• The Vertebrates Genome Project introduces the era of the reconstruction of the genetic representation for all species (2021)

    Marquès Bonet, Tomàs (UPF)

    view details

    The Vertebrates Genome Project introduces the era of the reconstruction of the genetic representation for all species

    The Vertebrate Genomes Project (VGP) Consortium published this year their flagship study focused on genome assembly quality and standardization for the field of genomics. This study includes 16 diploid high-quality, near error-free, and near complete vertebrate reference genome assemblies for species across all taxa with backbones (i.e., mammals, amphibians, birds, reptiles, and fishes) from five years of piloting the first phase of the VGP project. 

    Growing out of the decade-old mission of Genome 10K Community of Scientists (G10K) to sequence the genomes of 10,000 vertebrate species and other comparative genomics efforts, the VGP is taking advantage of dramatic improvements in sequencing technologies in the last few years to begin production of high-quality reference genome assemblies for all ~70,000 living vertebrates. Specific to conservation and in collaboration with the Māori in New Zealand and officials in Mexico, genomic analyses of the kākāpō, a flightless parrot, and the vaquita, a small porpoise and the most endangered marine mammal, respectively, suggest evolutionary and demographic histories of purging harmful mutations in the wild. The implication of these long-term small population sizes at genetic equilibrium gives hope for these species’ survival.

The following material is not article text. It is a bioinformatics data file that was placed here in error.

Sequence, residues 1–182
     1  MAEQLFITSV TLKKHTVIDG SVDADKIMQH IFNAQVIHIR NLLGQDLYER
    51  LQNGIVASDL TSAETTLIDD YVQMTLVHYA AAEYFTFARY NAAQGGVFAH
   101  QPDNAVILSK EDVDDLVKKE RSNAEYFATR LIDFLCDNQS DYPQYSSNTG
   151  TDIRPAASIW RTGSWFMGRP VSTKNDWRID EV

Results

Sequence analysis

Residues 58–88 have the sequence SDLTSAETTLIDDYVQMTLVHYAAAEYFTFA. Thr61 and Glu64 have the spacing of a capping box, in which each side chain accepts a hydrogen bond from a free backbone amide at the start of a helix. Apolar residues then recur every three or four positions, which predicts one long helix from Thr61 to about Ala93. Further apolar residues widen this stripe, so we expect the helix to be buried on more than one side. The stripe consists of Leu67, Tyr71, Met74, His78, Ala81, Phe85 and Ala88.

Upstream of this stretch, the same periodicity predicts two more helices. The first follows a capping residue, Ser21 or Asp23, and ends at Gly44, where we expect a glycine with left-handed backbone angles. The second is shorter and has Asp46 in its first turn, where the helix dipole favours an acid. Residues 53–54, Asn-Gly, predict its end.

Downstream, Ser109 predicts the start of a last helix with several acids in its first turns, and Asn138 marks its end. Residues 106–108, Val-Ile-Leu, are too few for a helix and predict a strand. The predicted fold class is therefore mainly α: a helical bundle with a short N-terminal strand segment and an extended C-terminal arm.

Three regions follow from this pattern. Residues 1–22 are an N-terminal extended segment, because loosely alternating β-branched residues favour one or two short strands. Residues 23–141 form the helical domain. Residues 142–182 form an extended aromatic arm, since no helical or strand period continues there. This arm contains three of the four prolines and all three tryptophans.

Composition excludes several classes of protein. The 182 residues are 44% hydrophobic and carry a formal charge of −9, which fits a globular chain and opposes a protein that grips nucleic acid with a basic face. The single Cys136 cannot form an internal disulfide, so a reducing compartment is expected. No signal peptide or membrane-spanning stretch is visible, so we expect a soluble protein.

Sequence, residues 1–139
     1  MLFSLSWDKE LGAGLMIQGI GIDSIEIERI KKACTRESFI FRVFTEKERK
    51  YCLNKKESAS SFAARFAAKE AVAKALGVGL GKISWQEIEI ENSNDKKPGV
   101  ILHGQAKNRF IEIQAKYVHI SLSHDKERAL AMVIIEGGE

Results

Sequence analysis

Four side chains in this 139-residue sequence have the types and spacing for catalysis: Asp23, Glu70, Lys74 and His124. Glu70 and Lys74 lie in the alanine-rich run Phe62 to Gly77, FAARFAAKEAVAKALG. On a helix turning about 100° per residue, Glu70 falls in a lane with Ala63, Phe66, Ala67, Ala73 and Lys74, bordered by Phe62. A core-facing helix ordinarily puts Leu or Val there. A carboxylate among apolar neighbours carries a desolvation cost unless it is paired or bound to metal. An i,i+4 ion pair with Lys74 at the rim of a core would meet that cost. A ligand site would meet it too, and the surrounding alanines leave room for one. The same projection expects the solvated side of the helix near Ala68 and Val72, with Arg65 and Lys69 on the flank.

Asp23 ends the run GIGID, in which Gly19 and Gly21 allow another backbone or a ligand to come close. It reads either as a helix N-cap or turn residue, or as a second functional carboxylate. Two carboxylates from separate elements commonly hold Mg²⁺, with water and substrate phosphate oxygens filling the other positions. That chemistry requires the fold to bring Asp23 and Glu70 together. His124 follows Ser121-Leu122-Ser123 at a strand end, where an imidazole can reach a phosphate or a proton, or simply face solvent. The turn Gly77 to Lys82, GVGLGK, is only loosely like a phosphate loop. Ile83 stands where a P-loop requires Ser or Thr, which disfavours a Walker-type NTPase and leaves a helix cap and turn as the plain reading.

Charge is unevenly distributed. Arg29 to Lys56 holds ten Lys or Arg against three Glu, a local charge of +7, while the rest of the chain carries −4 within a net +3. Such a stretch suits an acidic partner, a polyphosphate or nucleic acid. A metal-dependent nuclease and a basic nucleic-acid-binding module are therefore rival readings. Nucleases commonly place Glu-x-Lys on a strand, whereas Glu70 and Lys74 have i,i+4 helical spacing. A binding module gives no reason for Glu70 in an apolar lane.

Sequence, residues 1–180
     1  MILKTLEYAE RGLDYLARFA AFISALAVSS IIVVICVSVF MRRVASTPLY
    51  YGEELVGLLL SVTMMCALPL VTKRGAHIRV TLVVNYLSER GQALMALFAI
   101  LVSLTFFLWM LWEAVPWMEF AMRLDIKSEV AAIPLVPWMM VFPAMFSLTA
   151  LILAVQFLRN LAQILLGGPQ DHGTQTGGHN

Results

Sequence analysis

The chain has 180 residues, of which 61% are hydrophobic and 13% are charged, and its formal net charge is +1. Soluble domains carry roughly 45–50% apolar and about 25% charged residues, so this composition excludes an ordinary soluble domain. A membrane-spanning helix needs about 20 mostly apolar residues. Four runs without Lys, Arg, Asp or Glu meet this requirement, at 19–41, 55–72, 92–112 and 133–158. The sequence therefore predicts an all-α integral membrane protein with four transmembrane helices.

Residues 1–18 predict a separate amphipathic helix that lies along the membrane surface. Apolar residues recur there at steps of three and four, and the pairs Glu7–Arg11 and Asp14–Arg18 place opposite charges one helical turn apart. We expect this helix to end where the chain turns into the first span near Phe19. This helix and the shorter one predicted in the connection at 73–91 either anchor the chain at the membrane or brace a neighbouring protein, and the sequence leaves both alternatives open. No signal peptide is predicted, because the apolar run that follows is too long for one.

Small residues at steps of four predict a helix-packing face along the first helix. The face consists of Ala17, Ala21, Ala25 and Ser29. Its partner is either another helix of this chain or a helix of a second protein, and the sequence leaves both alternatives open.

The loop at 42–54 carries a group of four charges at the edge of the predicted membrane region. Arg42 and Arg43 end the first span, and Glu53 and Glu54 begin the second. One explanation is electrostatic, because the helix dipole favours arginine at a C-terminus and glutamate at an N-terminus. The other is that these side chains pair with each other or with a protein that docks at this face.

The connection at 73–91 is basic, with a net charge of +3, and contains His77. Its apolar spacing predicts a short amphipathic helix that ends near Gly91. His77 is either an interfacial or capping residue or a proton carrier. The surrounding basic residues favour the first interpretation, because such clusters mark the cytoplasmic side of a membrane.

The VGP involves hundreds of international scientists working together from more than 50 institutions in 12 different countries since the VGP was initiated in 2016 and is exemplary in its scientific cooperation, extensive infrastructure, and collaborative leadership. Additionally, as the first large-scale eukaryotic genomes project to produce reference genome assemblies meeting a specific minimum quality standard, the VGP has thus become a working model for other large consortia, including the Bat 1K, Pan Human Genome Project, Earth BioGenome Project, Darwin Tree of Life, and European Reference Genome Atlas, among others.